As a company doing business in countries around the world, Panasonic strives to respect human rights and considers it a precondition for all its behavior to abide by international standards, the laws and regulations of each country or region, and the Panasonic Code of Conduct.
Further to these efforts, since 2007, the company has been conducting Overseas Human Resources and Labor Assessments intended to identify, comprehend, and resolve issues in personnel management and labor management overseas. The checklist used in the survey contains around 300 items, including those concerning proper implementation of labor management; compliance with local labor laws, employment systems, and business practices; and discovery of bad influences on business and of latent labor-related risks that could cause problems.
After the local affiliate has conducted a self-assessment based on the checklist, an assessor who belongs to a Company or business division in Japan performs an audit. Efforts to resolve problems discovered via assessments are undertaken primarily by Assessor-Leaders (mainly managers in charge of human resources), who strive to raise the level of labor management.
In fiscal 2018, assessments were conducted at a total of three sites, consisting of one site in Africa and two sites in Latin America. Panasonic will continue to promote improvements in labor-management levels through close partnerships between its Japanese and overseas locations, and the creation of a corporate culture and environment in which human rights are respected.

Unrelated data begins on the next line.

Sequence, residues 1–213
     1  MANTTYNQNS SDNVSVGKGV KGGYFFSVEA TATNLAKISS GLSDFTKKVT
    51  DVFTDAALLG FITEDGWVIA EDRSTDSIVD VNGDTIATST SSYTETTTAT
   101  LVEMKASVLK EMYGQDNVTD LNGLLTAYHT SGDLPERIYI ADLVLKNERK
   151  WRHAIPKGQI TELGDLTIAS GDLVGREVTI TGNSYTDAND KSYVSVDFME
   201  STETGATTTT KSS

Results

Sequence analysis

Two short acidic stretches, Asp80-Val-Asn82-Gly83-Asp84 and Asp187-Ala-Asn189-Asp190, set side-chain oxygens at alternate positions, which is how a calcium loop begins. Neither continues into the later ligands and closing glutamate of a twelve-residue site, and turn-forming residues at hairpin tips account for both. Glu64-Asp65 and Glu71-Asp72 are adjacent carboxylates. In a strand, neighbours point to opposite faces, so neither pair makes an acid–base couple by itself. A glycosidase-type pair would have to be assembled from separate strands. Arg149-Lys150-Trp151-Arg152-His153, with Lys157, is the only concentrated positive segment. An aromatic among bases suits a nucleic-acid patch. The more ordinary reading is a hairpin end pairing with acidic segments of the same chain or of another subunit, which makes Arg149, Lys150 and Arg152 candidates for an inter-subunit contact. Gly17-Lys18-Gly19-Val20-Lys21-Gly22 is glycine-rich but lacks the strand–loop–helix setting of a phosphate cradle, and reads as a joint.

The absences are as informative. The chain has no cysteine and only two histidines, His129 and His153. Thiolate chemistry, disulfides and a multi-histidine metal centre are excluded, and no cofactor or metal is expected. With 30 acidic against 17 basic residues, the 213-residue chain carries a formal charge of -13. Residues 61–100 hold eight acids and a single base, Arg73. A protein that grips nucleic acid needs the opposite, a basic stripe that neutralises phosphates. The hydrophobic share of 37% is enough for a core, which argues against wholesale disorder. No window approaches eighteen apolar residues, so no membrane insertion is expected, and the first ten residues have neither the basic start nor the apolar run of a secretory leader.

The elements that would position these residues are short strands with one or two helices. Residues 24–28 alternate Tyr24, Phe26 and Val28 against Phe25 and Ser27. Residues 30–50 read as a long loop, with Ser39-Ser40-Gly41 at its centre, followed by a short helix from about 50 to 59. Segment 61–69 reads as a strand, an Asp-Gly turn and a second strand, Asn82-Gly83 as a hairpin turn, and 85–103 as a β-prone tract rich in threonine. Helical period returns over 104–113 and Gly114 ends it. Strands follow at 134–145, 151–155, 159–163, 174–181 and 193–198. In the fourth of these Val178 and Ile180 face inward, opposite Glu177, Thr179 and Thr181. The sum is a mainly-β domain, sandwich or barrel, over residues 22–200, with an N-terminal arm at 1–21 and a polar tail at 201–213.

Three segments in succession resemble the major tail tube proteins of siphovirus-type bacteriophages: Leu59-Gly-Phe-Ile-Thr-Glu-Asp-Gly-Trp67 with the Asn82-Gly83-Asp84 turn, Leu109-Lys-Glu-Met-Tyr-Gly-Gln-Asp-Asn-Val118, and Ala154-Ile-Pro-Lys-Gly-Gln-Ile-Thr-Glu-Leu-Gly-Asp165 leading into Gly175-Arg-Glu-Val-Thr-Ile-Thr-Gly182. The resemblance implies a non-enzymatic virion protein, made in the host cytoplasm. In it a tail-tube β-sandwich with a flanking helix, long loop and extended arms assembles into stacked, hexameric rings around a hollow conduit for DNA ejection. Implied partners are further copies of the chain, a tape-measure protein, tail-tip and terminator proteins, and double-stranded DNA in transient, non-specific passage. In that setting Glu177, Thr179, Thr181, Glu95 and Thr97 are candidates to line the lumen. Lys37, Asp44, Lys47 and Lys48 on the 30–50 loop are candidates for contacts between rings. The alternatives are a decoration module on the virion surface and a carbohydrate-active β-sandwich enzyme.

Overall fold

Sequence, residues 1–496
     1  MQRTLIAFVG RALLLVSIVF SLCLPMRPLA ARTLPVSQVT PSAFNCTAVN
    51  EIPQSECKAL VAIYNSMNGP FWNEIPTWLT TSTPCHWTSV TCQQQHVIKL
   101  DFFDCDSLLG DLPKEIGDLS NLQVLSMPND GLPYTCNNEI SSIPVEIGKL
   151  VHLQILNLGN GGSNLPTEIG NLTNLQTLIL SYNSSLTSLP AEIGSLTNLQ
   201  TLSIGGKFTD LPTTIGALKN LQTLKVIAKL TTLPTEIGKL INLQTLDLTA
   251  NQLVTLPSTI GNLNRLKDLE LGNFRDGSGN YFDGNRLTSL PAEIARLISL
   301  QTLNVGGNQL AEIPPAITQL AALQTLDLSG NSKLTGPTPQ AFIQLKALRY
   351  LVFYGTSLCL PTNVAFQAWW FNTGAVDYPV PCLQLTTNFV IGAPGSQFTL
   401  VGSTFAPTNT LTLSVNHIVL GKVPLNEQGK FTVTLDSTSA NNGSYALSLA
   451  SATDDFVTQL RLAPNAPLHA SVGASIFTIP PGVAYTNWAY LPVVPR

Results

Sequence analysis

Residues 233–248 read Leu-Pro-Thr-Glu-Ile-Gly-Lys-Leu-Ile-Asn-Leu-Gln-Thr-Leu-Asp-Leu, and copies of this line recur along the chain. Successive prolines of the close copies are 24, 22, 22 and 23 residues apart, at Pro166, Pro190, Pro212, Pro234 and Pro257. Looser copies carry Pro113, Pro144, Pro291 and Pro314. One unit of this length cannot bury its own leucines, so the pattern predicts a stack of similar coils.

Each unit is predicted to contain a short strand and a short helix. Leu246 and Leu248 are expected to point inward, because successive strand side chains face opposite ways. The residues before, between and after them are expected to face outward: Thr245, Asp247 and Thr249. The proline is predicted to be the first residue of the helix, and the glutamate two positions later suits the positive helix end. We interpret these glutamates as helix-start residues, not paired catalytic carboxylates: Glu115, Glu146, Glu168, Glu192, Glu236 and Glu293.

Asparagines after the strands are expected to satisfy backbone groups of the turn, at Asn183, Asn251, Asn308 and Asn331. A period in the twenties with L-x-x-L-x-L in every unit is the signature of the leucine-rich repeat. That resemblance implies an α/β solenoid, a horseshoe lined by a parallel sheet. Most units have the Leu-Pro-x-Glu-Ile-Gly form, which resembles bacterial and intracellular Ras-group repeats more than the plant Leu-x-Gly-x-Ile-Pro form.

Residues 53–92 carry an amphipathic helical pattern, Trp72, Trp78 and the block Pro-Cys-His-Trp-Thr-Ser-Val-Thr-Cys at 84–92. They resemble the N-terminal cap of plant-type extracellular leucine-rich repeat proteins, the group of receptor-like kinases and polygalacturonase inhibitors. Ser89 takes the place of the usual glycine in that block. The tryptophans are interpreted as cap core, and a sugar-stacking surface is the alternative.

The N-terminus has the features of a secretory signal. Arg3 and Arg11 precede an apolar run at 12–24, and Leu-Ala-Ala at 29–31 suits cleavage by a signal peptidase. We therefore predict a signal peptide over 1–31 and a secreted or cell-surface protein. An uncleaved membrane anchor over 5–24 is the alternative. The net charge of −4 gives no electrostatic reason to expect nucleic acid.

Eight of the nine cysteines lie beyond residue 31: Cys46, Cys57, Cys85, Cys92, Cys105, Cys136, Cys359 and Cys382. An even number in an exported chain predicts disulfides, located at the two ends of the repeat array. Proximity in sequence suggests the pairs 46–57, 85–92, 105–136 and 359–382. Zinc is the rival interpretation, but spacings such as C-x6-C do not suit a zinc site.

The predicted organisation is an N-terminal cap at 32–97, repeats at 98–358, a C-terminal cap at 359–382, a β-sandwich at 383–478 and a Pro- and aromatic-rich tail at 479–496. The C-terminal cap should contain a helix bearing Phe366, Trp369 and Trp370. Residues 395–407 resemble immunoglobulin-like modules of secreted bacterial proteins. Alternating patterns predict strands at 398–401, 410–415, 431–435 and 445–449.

Furthermore, since fiscal 2015, Panasonic has implemented risk assessment and improvement efforts based on a "Self-Assessment Checklist" relating to human rights and labor that was established that year. In fiscal 2018, we engaged in efforts toward self-assessments as well as corrections and improvements at 91 sites worldwide.
Because issues with working hours management have been observed at some companies through self-assessments, we have proposed improvement plans that include revisions to the organization of personnel, work management methods, and equipment automation, and are moving forward in our efforts to correct these issues.
In addition, Panasonic receives audits from the clients that we supply. We were audited over 20 times in fiscal 2018, and we are engaged in correcting and improving the areas that our clients have indicated may be problematic in terms of human rights and labor standards. These efforts include reviewing our work regulations and management methods.